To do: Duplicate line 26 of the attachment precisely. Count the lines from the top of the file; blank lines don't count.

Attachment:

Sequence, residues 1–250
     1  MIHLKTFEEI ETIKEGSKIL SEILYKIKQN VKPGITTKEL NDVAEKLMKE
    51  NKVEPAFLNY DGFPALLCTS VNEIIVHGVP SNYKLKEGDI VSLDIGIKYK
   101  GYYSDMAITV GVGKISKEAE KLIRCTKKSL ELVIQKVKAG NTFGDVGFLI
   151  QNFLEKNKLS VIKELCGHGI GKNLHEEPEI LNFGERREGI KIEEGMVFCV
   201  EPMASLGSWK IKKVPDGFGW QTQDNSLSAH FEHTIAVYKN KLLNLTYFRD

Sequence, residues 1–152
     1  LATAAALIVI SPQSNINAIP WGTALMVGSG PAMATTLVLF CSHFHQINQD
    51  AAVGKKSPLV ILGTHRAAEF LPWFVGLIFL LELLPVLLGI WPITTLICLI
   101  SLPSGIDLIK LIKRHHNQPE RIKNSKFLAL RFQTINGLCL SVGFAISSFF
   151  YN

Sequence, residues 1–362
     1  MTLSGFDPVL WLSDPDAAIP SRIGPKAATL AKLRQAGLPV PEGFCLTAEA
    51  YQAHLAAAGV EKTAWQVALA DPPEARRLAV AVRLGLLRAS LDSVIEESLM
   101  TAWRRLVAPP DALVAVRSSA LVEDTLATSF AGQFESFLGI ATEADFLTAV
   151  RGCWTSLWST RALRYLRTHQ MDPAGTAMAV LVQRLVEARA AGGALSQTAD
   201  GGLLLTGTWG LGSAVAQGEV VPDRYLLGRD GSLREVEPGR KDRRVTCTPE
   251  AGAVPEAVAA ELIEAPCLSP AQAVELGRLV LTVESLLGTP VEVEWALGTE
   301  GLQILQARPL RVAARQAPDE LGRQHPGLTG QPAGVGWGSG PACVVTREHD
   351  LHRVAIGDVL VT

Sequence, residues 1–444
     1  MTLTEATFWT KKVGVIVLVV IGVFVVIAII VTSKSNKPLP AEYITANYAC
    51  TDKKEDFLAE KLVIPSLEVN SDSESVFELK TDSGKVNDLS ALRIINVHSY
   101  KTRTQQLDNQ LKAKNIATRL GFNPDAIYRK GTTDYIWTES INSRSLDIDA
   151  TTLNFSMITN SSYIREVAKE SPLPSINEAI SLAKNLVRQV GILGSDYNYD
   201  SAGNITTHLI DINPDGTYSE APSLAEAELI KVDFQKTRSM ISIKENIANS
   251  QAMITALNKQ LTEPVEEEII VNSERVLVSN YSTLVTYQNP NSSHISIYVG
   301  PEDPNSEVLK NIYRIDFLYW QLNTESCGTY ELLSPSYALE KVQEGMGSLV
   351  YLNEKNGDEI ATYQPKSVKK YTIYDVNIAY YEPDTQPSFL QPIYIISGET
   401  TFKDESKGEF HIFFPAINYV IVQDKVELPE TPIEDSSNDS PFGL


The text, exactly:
   201  SAGNITTHLI DINPDGTYSE APSLAEAELI KVDFQKTRSM ISIKENIANS